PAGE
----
Certainly, Noah (peace be upon him), as one of the ulul-azm Prophets, speaks here with the dignified demeanor befitting a steadfast messenger. First, he emphasizes his unwavering trust and reliance on Allah. Then, in the face of his hostile people, he stands firm and challenges them. With this attitude, he sets an example for the believers who come after him, demonstrating how those who believe in Allah should maintain their stance in the face of adversaries. Prophet Noah shows how believers should confront their opponents with resilience and confidence, becoming a guiding model for those who trust in Allah.
Indeed, if you listen to the words of any Prophet, you will hear similar sentiments. Whichever Prophet’s life you examine, you will find the same steadfastness. The second of the arch-Prophets, Abraham (peace be upon him), stood firm, challenging all the arrogant rulers during a period when conspiracies and traps were plotted against him. Engaging in a debate with his people, he boldly declared: “How can you argue with me about God when He has guided me? I do not fear anything you associate with Him; unless my Lord wills, nothing can happen. My Lord encompasses everything in His knowledge. How can you not take heed?/Will you not, then, come to your senses?” (Surah al-An’am, 6:80)
Likewise, in the face of calamities and tribulations, he poured out his heart to Allah, saying: “Our Lord, upon You we have relied, and to You we have returned, and to You is the destination/the final return.” (Surah al-Mumtahina, 60:4)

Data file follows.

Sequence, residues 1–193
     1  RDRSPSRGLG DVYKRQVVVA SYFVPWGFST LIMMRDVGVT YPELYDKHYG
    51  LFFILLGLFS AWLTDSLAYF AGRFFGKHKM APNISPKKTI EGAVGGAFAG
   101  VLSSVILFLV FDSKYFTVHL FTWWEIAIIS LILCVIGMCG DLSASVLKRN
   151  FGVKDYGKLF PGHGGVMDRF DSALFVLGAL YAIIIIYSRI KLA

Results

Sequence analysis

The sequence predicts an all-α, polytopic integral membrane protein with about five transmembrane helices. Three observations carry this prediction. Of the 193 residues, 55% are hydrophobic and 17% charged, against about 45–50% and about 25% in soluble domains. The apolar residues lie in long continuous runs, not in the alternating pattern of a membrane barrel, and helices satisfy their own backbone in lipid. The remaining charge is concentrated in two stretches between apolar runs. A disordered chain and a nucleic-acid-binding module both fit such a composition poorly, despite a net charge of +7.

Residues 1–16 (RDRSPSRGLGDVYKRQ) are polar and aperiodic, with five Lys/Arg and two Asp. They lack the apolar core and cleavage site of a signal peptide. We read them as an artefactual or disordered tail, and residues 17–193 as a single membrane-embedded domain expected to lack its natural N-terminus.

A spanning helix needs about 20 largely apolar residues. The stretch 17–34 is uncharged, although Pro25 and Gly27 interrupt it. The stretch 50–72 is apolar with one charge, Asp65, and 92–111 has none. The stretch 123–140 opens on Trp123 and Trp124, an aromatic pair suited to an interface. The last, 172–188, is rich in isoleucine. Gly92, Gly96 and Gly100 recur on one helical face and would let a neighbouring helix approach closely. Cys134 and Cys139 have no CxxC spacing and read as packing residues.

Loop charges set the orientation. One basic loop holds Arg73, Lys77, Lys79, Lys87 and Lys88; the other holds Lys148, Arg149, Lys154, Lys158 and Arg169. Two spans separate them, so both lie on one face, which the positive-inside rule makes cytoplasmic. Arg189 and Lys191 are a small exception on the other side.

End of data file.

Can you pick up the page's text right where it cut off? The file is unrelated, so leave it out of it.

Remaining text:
Certainly, the sincere supplications of some individuals from the community of Prophet Moses (peace be upon him) also underscore the same point: “In God, we have put our trust. O Lord! Do not make us a target of persecution for the oppressors” (Surah Yunus, 10:85). These prayers can be seen as another manifestation of standing firm, as a person relying on Allah cannot submit to any other power.
When Prophet Moses (peace be upon him) found himself trapped between the sea and Pharaoh’s armies, he reassured his followers with these words: “Indeed, my Lord is with me; He will guide me” (Surah ash-Shu’ara, 26:62). Similarly, when the polytheists reached the gates of the cave of Thawr to kill the Prophet Muhammad (peace and blessings be upon him), he comforted Abu Bakr, saying: “Do not grieve; indeed, Allah is with us” (Surah at-Tawbah, 9:40). These instances reflect different facets of the same resolute stance.
After Prophet Moses uttered those words, the sea miraculously parted, allowing him and his people to cross safely, while Pharaoh and his followers were drowned. Moreover, Allah thwarted the traps and schemes of the polytheists in Mecca, defeating them with a humble spider and a seemingly weak pigeon. This, in a way, led to their defeat, paving the way for the Prophet (peace and blessings be upon him) to migrate to Yathrib (later known as Medina), which eventually became a center of civilization. Despite various trials, believers ultimately reached their essence and attained closeness to Allah.
If we transition from those times to the present, scholar Bediüzzaman, who illuminates our era, has not been immune to oppression and has faced the hardships imposed by the oppressors of his time. However, he never yielded to the oppressors. At times, he boldly confronted them. For instance, he exclaimed, “Even if you turn the world into a fire upon our heads, those heads dedicated to the truth of the Qur’an will not surrender to deniers, and, by God’s will, the dedicated will not deviate from their sacred duty!” (Gleams)